Their business is nearly all in store or at shows - not online. They like their customers to come to their store and actually look at and feel the rocks. It's all part of the experience. In fact, last summer they hosted a Geode cracking event. Geode is the State Rock of Iowa. Expecting a few dozen to show up, they were shocked to find several hundred drove to Clarence to have Kirk crack them a Keokuk Geode. My curiosity growing by the second, Kirk offered to crack one open for me to take home.
We went out to a storage shed behind his business and he pulled out an apparatus that he built himself.
Here is my Geode before it was cracked.
It's hard to convey without a video, but Kirk is exerting some serious force on that lever.
Geodes are not the most attractive of rocks from the outside but once you get them open, they have some amazingly beautiful formations within.
My visit here was not probably more than 15 minutes, but within that time, there was a steady stream of customers coming and going. Some people drive for hours to visit. This is clearly a destination. I learned a lot and their inventory is truly beautiful.
It almost makes me wish I would have studied a little harder in Geology 101 at Iowa State!
After I thanked Tami for her generosity in showing me around, I went on my own to Victory Lane Bar and Grill. It too is on Highway 30. There are a couple of different eateries in town and from what I understand, you cannot go wrong with any of them. There were a few other patrons in Victory Lane when I sat down. It is definitely a race car themed place - but let me be clear - when it comes to their food - they didn't cut corners. I found it to be quite delicious.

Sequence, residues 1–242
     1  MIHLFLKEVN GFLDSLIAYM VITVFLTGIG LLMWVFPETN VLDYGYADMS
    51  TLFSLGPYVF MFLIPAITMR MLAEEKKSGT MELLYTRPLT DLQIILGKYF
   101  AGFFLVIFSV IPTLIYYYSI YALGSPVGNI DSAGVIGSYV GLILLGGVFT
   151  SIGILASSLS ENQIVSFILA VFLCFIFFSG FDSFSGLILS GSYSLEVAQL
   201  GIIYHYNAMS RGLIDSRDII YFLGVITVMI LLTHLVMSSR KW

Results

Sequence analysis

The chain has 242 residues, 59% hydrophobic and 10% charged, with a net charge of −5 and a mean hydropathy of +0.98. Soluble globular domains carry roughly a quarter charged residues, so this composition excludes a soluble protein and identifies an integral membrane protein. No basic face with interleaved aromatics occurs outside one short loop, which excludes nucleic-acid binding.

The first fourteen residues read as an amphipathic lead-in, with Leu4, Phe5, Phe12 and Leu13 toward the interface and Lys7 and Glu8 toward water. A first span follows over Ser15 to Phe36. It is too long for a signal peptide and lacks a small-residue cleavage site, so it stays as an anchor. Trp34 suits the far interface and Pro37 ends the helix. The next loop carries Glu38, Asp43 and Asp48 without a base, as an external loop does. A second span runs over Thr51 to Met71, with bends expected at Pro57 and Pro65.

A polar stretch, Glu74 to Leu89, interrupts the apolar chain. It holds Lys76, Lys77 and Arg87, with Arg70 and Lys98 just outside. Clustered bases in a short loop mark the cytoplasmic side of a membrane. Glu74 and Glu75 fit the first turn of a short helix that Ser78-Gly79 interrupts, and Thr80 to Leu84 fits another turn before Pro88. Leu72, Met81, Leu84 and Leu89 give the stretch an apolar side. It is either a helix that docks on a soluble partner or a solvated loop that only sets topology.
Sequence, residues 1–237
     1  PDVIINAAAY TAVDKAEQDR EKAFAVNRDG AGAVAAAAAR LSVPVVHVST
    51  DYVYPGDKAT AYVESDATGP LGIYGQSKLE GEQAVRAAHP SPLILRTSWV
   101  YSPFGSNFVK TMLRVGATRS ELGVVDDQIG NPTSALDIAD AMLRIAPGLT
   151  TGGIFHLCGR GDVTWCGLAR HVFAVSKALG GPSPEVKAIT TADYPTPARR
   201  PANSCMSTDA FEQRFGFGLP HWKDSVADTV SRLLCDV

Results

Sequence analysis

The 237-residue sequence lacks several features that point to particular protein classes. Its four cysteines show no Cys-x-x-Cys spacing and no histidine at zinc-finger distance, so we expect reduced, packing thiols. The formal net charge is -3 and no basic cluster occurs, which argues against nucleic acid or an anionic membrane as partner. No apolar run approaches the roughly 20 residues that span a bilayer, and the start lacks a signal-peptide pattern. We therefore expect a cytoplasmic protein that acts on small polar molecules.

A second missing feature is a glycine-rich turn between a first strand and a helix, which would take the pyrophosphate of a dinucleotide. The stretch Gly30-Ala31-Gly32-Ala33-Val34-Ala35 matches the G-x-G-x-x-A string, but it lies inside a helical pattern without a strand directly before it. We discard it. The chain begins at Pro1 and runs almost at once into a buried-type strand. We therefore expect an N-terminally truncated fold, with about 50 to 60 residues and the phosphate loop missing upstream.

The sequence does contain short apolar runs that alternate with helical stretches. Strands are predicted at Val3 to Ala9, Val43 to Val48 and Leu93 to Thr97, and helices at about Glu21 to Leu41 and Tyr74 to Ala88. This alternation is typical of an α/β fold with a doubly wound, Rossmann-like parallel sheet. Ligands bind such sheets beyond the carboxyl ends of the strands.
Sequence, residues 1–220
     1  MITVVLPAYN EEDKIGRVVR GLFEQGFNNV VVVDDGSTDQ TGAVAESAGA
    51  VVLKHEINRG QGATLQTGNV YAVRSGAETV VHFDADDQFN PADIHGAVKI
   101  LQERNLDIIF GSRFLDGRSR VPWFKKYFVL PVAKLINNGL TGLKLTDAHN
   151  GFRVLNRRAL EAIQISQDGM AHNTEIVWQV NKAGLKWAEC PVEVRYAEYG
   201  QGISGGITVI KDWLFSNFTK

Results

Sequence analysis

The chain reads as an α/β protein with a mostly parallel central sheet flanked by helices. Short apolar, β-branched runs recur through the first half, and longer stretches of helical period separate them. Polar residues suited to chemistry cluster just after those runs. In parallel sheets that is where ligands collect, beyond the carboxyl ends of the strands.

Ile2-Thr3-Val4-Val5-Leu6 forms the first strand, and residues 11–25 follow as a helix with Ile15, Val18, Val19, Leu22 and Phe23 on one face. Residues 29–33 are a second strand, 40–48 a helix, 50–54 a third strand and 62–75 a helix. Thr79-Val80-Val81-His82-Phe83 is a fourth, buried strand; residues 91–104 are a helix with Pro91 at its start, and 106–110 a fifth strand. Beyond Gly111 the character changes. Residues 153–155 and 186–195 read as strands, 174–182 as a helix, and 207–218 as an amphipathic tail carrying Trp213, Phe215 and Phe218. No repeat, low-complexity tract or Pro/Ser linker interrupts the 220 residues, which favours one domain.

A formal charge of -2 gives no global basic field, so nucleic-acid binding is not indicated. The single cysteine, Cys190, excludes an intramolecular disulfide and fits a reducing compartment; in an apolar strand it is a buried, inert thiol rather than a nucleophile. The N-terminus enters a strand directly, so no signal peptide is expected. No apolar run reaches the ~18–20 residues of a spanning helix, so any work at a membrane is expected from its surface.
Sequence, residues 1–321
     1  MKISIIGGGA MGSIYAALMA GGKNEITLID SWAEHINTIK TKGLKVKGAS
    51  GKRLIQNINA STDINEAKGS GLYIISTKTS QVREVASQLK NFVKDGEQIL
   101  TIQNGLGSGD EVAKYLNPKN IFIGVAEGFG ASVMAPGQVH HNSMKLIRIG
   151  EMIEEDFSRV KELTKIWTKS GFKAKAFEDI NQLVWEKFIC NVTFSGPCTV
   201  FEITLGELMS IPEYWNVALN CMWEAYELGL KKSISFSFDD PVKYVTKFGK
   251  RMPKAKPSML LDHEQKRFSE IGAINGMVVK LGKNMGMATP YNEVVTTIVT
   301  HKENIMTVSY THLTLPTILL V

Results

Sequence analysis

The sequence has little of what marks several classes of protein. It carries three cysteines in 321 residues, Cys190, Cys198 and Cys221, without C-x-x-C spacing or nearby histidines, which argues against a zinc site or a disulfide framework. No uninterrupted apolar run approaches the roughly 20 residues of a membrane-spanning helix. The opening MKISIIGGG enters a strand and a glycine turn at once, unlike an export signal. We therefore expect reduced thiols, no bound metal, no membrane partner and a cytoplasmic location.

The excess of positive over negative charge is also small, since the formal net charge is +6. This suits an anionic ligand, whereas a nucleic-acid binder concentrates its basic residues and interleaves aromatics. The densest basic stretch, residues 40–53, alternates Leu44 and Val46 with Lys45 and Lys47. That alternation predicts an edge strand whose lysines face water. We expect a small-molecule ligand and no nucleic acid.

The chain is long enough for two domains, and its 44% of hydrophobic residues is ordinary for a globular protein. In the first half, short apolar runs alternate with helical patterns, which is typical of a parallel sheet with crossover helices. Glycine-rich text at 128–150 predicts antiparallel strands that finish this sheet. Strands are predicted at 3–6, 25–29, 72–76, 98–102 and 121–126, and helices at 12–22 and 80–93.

They are open 7 days a week. On weekends, they open earlier. During the work week, they open for the lunch crowd.
As I mentioned at the top of this post, Clarence is a semi-finalist for a $25,000 competitive grant and this sign was in the window encourages patrons and passerbys to vote.
Inside, the race car and sports theme continues.
Ironically, the St. Louis Rams, Los Angeles Dodgers, and Boston Celtics are my dad's three favorite teams and these logos were all hung together. What are the odds?
They offer take out and limited delivery as well.
In the back of the restaurant, there is another room that could be used as a party room. There is a television, a billiards table, dart board, and more.
The menu is exactly what you might expect from a small town bar and grill.
Lots of the menu options looked good, but I decided to try out their special of the day: A brat in a bun with condiments, baked beans, and chips for $6.00.
These were definitely homemade beans and they were incredible. Not to mention, the portion was more than generous. The brat was cooked well and the meat was tasty and had a nice snap to it. This was a hellova deal for $6.00!
Of course, if you wanted more than a good meal and a cold drink, you could also get some merchandise too.
This was a great stop and it gave me the energy for my next stop which was the Chalk the Walk festival in Mount Vernon, just about 20 miles west of Clarence. Be sure to check out Victory Lane's Facebook page for more information and give them a like.
All in all, this was a memorable visit to Clarence. Not only did I get a chance to explore some of the town - I also got to check out a nice cross section of their business community. As I mentioned in my previous post, this town has some momentum and I would encourage you to stop by the next time you are in the area. I look forward to a return trip sometime in the future.
As always, I welcome your suggestions of places to visit and profile whether in Cedar County or any of our other 98 counties. If you have a suggestion or would like to host the Iowa Adventurer, please drop me a note through my website.